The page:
Integrating Compassion with the Wisdom of God’s Word


The purpose of Aunt Dara’s Christian Advice Column is to glorify God by addressing human needs with compassion and the wisdom of God’s word.

Friday, June 17, 2016

Building a Relationship with a Perfectionistic Parent

Dear Aunt Dara,

You have never met anyone like my father.  He is an entrepreneur and is into various business ventures.  He has more LLC's than I have pairs of shoes.  Nobody gets along with him.  You do what he says the way he says to do it.  He has a guy working for him who is just there to smooth over employees and rehire guys he didn't mean to fire.

Growing up with him, we had weekly meetings to discuss my objectives for the week.  These felt like board meetings and I had to send him e-mail updates when he was traveling.  He bought me some exercise equipment, and told me that he wanted me to work out 3-4 times a week.  I wrote him a Fathers' Day essay and he made me correct it.  It was a family crisis if I made a B on my report card.  He said my career plans to major in child psychology and help children are no good.  He said I should just do that as volunteer work and use "my brains" do something more lucrative because he won't bankroll my planned degree.  He says my siblings are idiots and washouts, and I am the only child he has who is worth anything.  There are times when he is just impossible.  How do you please this man and have a relationship with him?

Exasperated Daughter 

Dear Daughter,

From the description that you have given, your dad is an ultra-perfectionist.  The problem with a parent who is a perfectionist is that he has unrealistically high standards that no child would be able to meet all the time.  I hate to be the bearer of bad news, but here it is.  You will never be able to please him in everything all the time.  There will always be things about you of which he will disapprove. 

So, how do you have a relationship with him now that you are an adult?  Stop trying to live your life to please him.  It's your life the decisions that affect you are yours to make.  However, do not argue with him.  In his mind he is trying to be helpful and to shape you into the image of you that only exists in his perfectionistic mind.  When he offers you unsolicited advice or criticism, listen very carefully to what he says (he really does mean well) and then say, "Thanks, I will give that some thought."  If you want to really impress him and build a positive relationship, say, "Thanks for caring about me and wanting me to do the right thing.  I will think about everything you said."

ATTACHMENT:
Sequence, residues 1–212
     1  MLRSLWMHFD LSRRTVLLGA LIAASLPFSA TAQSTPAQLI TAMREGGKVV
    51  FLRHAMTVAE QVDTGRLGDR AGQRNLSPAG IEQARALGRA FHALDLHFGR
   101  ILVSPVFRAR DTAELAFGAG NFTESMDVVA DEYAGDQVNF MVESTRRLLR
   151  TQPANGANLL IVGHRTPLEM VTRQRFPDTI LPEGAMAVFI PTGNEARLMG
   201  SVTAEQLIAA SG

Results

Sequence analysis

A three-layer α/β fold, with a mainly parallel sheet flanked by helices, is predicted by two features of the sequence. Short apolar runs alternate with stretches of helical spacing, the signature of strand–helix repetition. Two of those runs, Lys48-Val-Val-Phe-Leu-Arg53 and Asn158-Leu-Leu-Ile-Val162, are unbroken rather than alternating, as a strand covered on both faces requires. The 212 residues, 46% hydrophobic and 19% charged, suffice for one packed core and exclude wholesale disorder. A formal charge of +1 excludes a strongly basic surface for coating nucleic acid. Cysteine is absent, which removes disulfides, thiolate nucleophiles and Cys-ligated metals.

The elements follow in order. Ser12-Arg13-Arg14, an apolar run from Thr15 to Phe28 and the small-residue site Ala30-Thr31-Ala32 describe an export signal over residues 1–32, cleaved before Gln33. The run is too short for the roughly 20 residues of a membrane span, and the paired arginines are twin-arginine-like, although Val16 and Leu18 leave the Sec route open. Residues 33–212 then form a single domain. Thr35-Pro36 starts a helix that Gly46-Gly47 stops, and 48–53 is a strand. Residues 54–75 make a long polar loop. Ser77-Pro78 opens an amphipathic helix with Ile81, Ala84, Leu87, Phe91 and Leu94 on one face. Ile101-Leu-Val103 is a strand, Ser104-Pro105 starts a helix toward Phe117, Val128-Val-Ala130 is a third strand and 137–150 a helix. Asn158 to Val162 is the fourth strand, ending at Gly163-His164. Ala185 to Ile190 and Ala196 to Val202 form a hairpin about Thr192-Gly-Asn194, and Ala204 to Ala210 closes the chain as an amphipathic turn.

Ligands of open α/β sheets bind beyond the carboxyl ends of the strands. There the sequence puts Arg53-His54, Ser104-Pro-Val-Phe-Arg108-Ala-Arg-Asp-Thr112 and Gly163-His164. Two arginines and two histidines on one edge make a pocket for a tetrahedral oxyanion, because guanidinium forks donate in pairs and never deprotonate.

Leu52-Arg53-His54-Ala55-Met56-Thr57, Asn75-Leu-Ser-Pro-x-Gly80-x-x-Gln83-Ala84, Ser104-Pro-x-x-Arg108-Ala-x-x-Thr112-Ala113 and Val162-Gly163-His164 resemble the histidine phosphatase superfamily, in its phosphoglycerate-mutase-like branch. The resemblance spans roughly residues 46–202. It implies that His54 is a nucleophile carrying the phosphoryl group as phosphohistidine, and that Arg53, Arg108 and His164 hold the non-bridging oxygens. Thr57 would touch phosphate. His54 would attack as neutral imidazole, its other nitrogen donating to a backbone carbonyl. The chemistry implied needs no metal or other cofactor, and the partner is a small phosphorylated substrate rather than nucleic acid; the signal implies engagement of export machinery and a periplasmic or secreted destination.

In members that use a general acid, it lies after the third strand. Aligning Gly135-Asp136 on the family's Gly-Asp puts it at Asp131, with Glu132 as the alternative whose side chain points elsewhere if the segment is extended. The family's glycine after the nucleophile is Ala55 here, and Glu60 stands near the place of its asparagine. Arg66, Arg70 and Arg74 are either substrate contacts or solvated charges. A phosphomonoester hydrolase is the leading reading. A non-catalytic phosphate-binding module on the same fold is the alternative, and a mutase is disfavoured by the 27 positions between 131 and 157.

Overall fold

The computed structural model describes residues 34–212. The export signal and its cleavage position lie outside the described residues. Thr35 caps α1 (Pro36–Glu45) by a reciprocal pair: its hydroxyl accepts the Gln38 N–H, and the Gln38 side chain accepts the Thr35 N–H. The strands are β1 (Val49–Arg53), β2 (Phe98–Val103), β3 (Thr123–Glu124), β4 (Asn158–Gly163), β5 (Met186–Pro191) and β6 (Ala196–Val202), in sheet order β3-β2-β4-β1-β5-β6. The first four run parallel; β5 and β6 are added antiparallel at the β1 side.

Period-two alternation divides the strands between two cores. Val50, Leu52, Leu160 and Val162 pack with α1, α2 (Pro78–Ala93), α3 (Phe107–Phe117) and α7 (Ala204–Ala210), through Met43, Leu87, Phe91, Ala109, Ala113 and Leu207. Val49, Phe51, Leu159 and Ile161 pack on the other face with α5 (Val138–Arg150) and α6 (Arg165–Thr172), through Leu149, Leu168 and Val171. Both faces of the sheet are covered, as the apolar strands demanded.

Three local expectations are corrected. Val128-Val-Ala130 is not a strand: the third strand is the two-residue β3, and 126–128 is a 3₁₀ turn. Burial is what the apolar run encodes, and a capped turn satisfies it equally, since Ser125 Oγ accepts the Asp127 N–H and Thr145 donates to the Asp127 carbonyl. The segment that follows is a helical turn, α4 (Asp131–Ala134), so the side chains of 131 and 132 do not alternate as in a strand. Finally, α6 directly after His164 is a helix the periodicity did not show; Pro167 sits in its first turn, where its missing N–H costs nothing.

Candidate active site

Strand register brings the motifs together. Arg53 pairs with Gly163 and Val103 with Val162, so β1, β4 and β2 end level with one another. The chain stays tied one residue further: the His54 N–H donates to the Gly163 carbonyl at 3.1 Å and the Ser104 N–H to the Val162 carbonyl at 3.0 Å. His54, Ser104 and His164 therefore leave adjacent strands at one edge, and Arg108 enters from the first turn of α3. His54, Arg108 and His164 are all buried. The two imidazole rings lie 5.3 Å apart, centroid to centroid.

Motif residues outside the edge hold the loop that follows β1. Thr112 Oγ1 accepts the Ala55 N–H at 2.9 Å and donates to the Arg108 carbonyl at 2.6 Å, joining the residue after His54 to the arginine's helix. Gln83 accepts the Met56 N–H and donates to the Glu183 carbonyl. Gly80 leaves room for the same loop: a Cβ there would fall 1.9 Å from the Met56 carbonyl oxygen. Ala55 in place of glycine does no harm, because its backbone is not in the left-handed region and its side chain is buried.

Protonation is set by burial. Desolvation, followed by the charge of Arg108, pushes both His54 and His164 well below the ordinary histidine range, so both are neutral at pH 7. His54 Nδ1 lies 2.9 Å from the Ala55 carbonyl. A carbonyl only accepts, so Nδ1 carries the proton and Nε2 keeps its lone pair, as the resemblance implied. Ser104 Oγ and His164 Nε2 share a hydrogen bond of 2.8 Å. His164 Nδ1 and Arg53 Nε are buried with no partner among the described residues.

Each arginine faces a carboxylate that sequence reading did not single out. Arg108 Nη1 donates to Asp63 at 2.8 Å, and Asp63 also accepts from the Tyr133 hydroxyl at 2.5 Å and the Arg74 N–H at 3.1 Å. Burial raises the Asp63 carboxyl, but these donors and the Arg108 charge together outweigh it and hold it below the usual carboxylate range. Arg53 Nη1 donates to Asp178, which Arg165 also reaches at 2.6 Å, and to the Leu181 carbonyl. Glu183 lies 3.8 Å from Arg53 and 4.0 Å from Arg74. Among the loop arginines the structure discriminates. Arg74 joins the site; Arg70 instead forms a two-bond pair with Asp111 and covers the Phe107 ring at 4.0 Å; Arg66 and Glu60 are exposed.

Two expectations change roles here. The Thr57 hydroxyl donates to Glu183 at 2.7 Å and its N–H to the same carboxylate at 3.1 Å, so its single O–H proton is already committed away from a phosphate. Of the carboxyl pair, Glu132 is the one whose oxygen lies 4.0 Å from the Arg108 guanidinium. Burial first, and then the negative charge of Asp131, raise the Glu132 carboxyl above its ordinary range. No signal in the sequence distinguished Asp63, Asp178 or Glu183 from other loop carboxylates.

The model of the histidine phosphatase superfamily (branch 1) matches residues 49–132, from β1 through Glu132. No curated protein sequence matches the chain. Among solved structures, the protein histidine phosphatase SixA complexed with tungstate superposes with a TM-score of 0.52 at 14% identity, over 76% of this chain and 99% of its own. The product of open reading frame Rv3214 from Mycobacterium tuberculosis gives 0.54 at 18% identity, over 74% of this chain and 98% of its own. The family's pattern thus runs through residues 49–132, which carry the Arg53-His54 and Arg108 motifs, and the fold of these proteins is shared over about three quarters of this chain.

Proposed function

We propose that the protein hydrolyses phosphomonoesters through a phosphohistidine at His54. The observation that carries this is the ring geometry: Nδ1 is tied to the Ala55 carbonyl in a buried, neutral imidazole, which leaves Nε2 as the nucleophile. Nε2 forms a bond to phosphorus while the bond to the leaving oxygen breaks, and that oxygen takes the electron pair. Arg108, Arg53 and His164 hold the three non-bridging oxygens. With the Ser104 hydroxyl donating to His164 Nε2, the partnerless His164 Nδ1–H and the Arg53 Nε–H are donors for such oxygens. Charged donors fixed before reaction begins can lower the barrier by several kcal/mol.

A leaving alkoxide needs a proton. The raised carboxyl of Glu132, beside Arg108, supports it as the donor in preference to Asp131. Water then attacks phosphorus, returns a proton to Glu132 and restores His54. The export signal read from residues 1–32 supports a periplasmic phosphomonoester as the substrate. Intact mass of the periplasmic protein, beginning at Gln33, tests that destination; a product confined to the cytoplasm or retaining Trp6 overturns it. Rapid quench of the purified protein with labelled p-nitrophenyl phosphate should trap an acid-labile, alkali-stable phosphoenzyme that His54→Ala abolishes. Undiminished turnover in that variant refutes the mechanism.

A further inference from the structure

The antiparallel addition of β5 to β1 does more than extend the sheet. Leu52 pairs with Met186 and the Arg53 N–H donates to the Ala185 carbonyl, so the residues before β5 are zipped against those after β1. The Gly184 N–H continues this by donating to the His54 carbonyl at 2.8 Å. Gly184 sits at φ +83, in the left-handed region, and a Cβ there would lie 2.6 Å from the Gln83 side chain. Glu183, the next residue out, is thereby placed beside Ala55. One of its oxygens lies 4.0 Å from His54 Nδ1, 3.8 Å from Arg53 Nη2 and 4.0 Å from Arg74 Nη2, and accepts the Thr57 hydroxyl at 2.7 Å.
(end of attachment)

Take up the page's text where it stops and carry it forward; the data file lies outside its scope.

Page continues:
Regarding your college major:  Your father cannot live his life through you.  You have to be happy with your chosen career because you are the one who will be dealing with that line of work, day in and day out for years to come.  While it is true that other careers are more lucrative than child psychology, there are many more rewards to a career than a paycheck.  If he is worried that you want to get a degree that won't be using your brain, tell him that a child psychologist must have a doctorate degree in psychology.  Even a psychotherapist must have a minimum of a master's degree.  Either way, you must have a high degree of intelligence to go into the mental health field.  If your earning potential is his main concern, tell him that child psychiatrists make a lot of money because they are medical doctors.  He might be willing to bankroll your medical school so he can brag about his daughter being a doctor.

God bless,
Aunt Dara

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